A survey explores the artist’s chameleon-like work.
Zurich. “Our heads are round so our thoughts can change direction.” This phrase of Francis Picabia’s (1879-1953) offers a synopsis of his “kaleidoscopic personality”, says the curator Cathérine Hug of Kunsthaus Zurich, who has co-organised a survey of his work that opens this month. Primarily known as a Dadaist, Picabia also experimented with Impressionism, Cubism and Surrealism. His work is “consistently inconsistent”, as the co-curator Anne Umland of the Museum of Modern Art (MoMA) writes in her catalogue essay.
The exhibition celebrates 100 years since Dada exploded from the stage of Zurich’s Cabaret Voltaire and irrevocably altered the artistic landscape. But Picabia was not there in 1916; instead, he was in the US after a wayward military mission to Cuba to negotiate the price of sugar for the French army. Around this time Picabia was making “very conceptual, delicate works on paper, minimal machine-like drawings and paintings”, Hug says. When he exhibited some of these works in New York, a critic wrote that they looked like “illustrations to patent office reports”.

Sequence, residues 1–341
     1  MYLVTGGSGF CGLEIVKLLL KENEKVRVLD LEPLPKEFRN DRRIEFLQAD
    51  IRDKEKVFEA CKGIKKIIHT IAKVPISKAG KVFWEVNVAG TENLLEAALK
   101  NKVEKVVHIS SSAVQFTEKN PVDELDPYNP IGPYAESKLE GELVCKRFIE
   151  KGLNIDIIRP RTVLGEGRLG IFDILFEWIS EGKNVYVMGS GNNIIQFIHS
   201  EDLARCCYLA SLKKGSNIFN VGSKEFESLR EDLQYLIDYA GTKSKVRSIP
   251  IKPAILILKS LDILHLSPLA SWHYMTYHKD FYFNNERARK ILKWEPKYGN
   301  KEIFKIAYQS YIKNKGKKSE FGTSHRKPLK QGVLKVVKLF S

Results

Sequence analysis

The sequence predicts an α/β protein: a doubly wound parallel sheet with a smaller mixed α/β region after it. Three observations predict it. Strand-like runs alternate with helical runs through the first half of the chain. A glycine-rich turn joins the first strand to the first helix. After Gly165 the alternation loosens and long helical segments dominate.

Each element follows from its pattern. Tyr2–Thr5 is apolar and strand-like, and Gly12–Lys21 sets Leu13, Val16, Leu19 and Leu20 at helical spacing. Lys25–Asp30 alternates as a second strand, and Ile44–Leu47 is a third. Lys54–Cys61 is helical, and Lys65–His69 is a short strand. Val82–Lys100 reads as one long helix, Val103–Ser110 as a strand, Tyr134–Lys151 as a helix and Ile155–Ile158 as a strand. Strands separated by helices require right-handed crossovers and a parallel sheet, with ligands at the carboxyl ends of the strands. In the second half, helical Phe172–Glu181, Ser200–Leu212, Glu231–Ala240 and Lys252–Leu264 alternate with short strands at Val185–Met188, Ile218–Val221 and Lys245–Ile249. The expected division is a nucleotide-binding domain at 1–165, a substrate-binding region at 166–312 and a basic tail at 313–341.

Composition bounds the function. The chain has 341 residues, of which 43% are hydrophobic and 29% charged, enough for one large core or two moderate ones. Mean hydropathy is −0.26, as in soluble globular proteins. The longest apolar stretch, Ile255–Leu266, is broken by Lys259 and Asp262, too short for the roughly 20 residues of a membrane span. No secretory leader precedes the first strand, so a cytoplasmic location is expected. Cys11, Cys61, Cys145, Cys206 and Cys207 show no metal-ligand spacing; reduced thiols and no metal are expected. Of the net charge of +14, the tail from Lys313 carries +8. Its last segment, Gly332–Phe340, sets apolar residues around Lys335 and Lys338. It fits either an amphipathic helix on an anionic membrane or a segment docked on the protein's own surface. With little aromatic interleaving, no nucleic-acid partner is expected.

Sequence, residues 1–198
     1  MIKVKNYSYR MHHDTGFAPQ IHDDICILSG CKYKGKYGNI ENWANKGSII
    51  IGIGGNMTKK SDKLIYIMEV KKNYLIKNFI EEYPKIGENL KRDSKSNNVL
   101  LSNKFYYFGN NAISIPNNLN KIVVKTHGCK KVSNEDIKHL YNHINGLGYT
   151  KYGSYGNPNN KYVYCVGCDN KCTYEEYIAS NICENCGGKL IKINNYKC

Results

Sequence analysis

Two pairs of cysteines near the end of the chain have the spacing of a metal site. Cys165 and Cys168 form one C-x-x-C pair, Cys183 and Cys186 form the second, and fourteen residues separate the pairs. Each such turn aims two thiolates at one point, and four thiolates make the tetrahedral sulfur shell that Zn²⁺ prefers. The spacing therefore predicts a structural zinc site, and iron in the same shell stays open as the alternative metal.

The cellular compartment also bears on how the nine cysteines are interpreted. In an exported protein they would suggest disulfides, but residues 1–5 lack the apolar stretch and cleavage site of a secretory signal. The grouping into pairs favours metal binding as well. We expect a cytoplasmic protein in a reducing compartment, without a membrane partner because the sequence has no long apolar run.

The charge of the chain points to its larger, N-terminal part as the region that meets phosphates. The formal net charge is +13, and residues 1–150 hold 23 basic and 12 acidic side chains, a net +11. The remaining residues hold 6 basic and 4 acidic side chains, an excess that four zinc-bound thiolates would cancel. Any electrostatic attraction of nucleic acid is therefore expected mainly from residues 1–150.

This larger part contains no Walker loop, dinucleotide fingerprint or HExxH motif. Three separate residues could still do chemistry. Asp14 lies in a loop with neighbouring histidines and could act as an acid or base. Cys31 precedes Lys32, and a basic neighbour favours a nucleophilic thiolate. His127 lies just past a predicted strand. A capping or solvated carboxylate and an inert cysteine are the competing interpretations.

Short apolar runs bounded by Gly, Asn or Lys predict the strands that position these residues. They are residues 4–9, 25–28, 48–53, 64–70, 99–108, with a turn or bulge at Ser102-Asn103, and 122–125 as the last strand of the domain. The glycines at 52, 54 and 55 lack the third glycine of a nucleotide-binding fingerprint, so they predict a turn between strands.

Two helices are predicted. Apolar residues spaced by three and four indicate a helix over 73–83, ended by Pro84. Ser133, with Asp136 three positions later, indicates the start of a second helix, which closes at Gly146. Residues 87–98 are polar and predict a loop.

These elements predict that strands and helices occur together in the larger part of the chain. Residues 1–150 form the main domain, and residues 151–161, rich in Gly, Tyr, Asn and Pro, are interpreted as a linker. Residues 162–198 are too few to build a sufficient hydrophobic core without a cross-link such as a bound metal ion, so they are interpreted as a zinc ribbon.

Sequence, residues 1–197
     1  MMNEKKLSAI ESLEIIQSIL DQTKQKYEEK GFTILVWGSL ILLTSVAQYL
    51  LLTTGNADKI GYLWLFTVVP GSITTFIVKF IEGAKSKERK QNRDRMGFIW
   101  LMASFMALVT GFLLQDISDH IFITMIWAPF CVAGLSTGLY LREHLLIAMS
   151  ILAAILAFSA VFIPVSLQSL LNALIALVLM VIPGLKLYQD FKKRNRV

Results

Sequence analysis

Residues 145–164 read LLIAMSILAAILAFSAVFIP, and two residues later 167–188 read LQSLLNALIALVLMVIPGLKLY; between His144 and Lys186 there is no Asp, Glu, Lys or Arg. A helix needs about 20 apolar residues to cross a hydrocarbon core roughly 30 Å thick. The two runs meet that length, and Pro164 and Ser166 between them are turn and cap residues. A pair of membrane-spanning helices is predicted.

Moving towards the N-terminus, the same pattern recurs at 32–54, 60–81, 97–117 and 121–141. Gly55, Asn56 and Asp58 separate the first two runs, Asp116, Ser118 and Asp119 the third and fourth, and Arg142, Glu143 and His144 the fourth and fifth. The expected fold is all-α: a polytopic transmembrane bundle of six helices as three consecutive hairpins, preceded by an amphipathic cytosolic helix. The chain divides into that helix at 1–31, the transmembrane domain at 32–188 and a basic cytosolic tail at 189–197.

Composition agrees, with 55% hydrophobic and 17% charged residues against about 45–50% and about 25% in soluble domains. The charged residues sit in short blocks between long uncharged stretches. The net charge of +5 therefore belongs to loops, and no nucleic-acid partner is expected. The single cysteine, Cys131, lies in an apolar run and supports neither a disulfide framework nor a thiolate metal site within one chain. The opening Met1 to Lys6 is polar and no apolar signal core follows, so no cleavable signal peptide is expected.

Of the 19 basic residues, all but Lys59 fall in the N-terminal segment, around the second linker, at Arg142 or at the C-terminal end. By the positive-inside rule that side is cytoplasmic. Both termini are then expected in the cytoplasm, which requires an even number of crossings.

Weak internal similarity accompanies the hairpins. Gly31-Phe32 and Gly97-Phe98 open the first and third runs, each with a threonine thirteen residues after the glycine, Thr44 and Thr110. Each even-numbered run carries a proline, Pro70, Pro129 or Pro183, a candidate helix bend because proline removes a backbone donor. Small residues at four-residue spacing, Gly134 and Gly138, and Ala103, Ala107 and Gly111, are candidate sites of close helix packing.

During the Second World War, Picabia made a series of “pin-up paintings”, using imagery from soft-porn magazines. These works, which in many ways idealised the nude, were “quite uncomfortable for some art critics and curators”, Hug says. They were created in Nazi-occupied France and “at first glance it looked like an affirmation – because realism, especially the healthy body, is an aesthetic that authoritarian regimes like”, she says. Picabia rejected this figurative phase in the late 1940s and early 1950s and returned once again to abstraction.
Hug believes it was not until the mid-1980s, three decades after his death, that Picabia started to be appreciated again. An important reason for this was the advent of Postmodernism’s “playful reflection on the different –isms” that allowed for a more “sympathetic look at [Picabia’s] multitude of styles”, she says.
The exhibition of 150 paintings and more than 50 documents includes two key loans from Picabia’s early Orphic Cubist phase: the three-metre squared Edtaonisl (1913) and Udnie (1913), which will be shown together for the first time in 70 years. The survey covers half a century of work from 1905 to Picabia’s final works from 1951.
The show will travel to MoMA in November. The Zurich edition is supported by the Festspiele Zurich, the Ernst Göhner Foundation and the Truus and Gerrit van Riemsdijk Foundation.